Cuban sea turtles can’t escape climate change, even on these far-flung beaches
On Cuba’s far-flung Guanahacabibes peninsula, park guard Roberto Varela watches as a green sea turtle lumbers ashore and a ritual as old as the dinosaurs unfolds.
“To see them lay their eggs and to know their nests will be protected, you get the sense you are making a difference,” said Varela, who helps oversee turtle research in a national park that spans much of the peninsula.
So far, efforts by Varela and fellow researchers at the park and University of Havana have been a success. Turtle nesting here, once threatened by poaching, has stabilized and increased in some cases, published studies show, even as it has fallen off elsewhere in the tropics.
But Varela, who was raised on the peninsula’s beaches, said all is not well.
Mounds of red-brown sargassum seaweed pile up on the sand where years ago there was little, blocking the turtles’ path to nesting grounds. Dead coral, conch and rocks litter the beach, signs of increasingly frequent and intense hurricanes. And more females turtles are hatching, a phenomenon scientists attribute to rising nest temperatures.
More than two decades of research on these beaches, Cuban scientists say, corroborates concerns that climate change is heaping new problems, even in environments as undeveloped and remote as Guanahacabibes on the island’s far western fringe.
“It is frustrating because there are things that we can not control,” said Julia Azanza, a University of Havana biologist and professor who helps direct turtle research on the peninsula. “You can have a great system of conservation, or even a pristine area, and climate change still has its impact.”
Sea turtles have historically moved when temperatures or sea levels rose, seeking more favorable beaches to lay their eggs. But safe nesting havens in the region are fewer now as hotels, roads, lights and homes take over much of nearby Florida’s coast, as well as Mexico’s Yucatan Peninsula and many Caribbean islands.
“The obvious biological alternative, which is to move to other areas, is no longer an option,” Azanza said.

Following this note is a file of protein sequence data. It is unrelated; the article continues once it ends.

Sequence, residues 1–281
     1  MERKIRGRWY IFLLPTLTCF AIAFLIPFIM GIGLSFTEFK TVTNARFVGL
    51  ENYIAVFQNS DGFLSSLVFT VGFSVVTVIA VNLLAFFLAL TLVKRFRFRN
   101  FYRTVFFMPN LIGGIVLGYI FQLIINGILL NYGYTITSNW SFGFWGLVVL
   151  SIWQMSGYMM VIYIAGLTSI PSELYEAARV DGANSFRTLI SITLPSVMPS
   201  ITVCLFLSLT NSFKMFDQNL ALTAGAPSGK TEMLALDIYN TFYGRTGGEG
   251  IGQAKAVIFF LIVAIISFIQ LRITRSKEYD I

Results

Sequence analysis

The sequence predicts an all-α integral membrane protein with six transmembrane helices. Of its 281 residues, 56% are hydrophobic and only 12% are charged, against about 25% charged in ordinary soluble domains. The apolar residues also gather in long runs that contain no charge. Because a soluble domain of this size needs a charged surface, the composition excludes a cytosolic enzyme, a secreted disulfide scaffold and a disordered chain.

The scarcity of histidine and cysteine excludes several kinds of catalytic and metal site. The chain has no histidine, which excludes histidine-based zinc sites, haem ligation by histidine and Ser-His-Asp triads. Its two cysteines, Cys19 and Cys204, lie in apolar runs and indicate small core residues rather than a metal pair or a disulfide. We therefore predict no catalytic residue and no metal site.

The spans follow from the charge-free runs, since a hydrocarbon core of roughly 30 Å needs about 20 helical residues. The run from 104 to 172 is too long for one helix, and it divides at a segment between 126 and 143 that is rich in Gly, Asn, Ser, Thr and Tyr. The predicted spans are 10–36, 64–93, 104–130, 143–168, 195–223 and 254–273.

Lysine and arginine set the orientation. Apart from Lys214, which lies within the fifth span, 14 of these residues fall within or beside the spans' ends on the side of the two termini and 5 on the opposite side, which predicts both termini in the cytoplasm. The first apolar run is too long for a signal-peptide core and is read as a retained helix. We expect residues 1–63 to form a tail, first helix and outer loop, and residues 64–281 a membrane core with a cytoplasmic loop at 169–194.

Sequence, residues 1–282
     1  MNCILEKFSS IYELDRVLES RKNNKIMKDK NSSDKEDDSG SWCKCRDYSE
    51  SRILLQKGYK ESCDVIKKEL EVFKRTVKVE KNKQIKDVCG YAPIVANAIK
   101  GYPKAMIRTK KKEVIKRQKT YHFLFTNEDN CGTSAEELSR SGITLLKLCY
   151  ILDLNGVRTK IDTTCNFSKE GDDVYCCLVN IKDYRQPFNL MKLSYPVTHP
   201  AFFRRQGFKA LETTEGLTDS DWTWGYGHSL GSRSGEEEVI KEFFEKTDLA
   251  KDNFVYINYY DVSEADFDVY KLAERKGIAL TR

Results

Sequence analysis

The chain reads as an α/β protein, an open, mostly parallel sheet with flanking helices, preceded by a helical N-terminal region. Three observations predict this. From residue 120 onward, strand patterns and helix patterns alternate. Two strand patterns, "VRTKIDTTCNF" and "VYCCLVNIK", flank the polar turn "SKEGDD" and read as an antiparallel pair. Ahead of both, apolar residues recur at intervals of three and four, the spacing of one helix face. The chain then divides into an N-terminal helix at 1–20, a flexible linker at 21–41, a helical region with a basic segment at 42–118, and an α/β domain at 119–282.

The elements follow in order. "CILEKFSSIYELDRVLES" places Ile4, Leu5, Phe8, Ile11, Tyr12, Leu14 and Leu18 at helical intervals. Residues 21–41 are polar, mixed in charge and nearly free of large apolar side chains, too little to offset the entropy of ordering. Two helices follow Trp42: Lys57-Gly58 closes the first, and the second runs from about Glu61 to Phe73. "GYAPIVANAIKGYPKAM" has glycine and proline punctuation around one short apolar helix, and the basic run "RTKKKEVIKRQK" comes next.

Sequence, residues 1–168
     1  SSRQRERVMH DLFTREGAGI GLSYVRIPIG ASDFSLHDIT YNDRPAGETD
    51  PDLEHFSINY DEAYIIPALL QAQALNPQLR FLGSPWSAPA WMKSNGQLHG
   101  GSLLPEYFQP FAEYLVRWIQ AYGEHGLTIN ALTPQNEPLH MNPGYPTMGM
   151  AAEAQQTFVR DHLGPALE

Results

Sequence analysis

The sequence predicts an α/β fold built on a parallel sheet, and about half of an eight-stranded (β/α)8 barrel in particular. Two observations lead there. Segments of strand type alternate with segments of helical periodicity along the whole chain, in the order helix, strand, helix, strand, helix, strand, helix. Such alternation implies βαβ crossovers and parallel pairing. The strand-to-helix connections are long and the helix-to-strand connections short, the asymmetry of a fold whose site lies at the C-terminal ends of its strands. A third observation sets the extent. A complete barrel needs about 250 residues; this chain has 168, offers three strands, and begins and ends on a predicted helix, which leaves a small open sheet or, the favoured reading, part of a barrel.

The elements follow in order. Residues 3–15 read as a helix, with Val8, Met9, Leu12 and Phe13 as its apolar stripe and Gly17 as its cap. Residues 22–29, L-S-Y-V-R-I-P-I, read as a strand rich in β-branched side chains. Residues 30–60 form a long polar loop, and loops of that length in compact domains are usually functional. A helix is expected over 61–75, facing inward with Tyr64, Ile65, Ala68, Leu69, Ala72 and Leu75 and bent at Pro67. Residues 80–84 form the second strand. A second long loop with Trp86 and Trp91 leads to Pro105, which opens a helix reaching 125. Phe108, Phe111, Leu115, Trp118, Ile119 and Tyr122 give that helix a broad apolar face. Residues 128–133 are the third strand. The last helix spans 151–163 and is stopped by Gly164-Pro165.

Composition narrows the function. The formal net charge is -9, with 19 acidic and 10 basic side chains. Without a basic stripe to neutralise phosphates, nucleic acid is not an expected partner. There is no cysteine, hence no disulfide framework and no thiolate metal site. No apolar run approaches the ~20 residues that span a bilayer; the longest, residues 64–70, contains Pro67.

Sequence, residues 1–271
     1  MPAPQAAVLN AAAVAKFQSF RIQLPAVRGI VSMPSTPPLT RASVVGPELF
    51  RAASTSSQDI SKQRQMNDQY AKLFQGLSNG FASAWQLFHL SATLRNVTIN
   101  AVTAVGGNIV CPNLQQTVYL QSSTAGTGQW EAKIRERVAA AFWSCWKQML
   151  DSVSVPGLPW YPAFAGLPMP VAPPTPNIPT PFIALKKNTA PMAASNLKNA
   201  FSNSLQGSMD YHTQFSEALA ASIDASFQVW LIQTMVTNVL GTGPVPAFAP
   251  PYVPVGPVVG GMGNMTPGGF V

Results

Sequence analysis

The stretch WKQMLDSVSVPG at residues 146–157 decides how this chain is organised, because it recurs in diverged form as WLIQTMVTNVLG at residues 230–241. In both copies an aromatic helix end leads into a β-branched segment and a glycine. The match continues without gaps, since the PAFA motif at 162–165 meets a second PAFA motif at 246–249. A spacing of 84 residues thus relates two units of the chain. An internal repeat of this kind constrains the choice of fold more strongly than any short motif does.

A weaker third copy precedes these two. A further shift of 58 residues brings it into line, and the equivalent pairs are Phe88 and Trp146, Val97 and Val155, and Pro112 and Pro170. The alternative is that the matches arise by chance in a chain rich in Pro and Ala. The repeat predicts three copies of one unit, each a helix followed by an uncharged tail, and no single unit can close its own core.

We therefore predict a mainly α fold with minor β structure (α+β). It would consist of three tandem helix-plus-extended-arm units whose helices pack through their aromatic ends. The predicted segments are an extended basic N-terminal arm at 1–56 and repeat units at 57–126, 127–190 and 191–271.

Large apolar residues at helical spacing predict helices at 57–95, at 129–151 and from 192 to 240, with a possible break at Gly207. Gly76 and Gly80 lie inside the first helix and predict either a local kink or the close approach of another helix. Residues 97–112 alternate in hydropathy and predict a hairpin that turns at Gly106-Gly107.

The virgin Guanahacabibes peninsula, protected and undeveloped, may provide safe haven for sea turtles as the impacts of climate change grow.
The peninsula lies at the crossroads of the Caribbean and Gulf of Mexico, a magnet for sea turtles navigating ocean currents.
Its white sand beaches, though battered by hurricanes in recent years, are steeper than those of low-lying keys, so less likely to be consumed by rising sea levels. They are backed by dense forest dotted with palms that offer shade.
Those elements make the park an ideal “laboratory” for observing climate change impacts and potentially adapting to them, said Osmani Borrego, another researcher and park guard at Guanahacabibes.
Cuba contributes little to the carbon emissions changing the climate, but disproportionately suffers such consequences as rising sea levels.
“Instead of fighting, it has become about learning to adapt to the changes,” Borrego said.
Signs of hope glimmer on this beach.
On a starry night in late June, a green turtle on Playa La Barca, near the tip of the peninsula, navigated rock, corals and piles of seaweed on its way to the tree line, safe from hurricane swells and the heat of the lower, exposed beach.
It settled beneath a bush, then, with labored strokes of its leathery flippers, carved out a hole in the sand. White, golf-ball sized eggs dropped, one by one, for a total of 132.
“Tonight, something fantastic occurred,” said Ryan Betancourt, a student researcher at the University of Havana, moved by the sight of the turtle choosing a nest site less prone to the hazards of climate change.
For park guard Varela, who watched alongside him, such small victories are reward enough.
“It’s an experience impossible to describe,” he said. “It gives you joy.”